Fowler High School students will dine on traditional Punjabi fare like potato-filled fried samosas and dance to songs from Indian artists -- but the Bollywood-themed mini prom isn't only about having a good time on a Friday night.
The teens intend to celebrate Fowler's diverse student body and raise awareness about Punjabi culture and the Sikh religion. The dance, which is themed around India's largest film industry, is being organized by the school's Punjabi Club.
"We want to break down the walls, we want to hold this event so people can come from other cultures and say, 'Hey this is cool music; hey, this food tastes really good,'" said Principal Hank Gutierrez.
The dance, which is three years in the making, comes just weeks after a national report showed 54.5% of Sikh children in Fresno have reportedly been bullied. It showed turban-wearing Sikhs, who ascribe to religious beliefs to keep their hair untrimmed, were bullied at high rates.
The report released in March by the Sikh Coalition -- which also surveyed children in Boston, Indianapolis and Seattle in 2012 and 2013 -- is based on information collected at anti-bullying forums.
The study shows Fresno had the highest rate of Sikh students -- 51% -- who said their schools didn't take any action after they reported bullying.
More than 30,000 Sikhs live in the central San Joaquin Valley. Out of the 680 teenagers who attend the largely Latino Fowler High, 51 of them are Sikh.
"Our kids don't get bullied here, but we're not naive enough to think this couldn't be happening," Gutierrez said.
Fowler senior Harcoover Singh Bhatti, 18, one of the dance's organizers, said he's never been bullied. But he said the dance is a proactive step to help his peers understand Punjabi culture and Sikh religion, which both traditionally refer to the practices of people in the Pubjab region in India.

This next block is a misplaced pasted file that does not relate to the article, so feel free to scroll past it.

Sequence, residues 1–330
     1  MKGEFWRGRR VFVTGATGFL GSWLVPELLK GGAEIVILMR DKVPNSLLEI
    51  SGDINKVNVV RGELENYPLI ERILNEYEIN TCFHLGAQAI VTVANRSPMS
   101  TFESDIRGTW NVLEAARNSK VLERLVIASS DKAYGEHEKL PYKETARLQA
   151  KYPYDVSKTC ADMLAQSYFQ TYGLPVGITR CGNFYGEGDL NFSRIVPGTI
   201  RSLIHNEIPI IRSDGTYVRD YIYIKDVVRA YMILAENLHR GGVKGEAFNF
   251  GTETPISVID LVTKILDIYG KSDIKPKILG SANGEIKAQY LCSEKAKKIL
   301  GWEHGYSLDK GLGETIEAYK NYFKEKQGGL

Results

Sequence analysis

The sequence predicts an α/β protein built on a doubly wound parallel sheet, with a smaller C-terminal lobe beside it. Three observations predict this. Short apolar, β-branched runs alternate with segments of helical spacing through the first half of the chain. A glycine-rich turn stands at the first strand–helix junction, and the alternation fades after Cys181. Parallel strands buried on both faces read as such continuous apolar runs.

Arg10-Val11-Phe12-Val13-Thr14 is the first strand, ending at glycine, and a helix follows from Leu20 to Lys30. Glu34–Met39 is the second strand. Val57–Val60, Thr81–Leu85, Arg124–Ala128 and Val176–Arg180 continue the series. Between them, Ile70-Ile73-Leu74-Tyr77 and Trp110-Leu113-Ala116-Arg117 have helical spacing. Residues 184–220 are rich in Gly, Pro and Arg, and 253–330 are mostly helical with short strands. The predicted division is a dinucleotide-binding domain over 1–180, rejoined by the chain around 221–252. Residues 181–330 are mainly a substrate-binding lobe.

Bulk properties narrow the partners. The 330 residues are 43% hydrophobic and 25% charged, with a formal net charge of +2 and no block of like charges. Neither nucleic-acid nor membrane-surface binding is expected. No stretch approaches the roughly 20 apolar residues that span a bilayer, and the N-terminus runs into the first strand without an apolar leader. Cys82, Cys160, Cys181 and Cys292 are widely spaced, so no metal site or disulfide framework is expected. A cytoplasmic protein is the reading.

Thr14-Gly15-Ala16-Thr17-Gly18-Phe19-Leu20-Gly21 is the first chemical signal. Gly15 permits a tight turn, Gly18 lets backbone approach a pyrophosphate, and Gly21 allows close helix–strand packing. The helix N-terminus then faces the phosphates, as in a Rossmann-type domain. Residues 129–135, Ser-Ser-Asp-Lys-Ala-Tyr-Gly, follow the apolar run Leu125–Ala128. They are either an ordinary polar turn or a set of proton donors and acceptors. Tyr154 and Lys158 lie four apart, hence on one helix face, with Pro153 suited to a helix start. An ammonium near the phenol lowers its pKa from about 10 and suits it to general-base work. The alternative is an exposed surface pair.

"People can assume everything about a person's culture or background, but they don't really know it," he said. "By doing this dance, it will give a better background on the Punjabi."
The event is the last dance before Fowler's prom, and is expected to be nearly as lively: Almost 100 youngsters have already purchased tickets, a professional photographer will snap students' photos and a volunteer DJ will spin Indian music. Trained dancers will give lessons and students can sample Indian chicken, rice and naan bread.
Bhatti and the other organizers are hustling to decorate and stream brightly colored tulle -- best known for being used to make ballet tutu skirts -- from the cafeteria ceiling. They're also collecting extra Punjabi clothing for attendees who want to dress up.
"It's literally going to feel like you're in India," Gutierrez said, who will wear a Sikh groom's outfit loaned to him by one of his student's parents.
The reporter can be reached at (559) 441-6412, email@example.com or @hannahfurfaro on Twitter.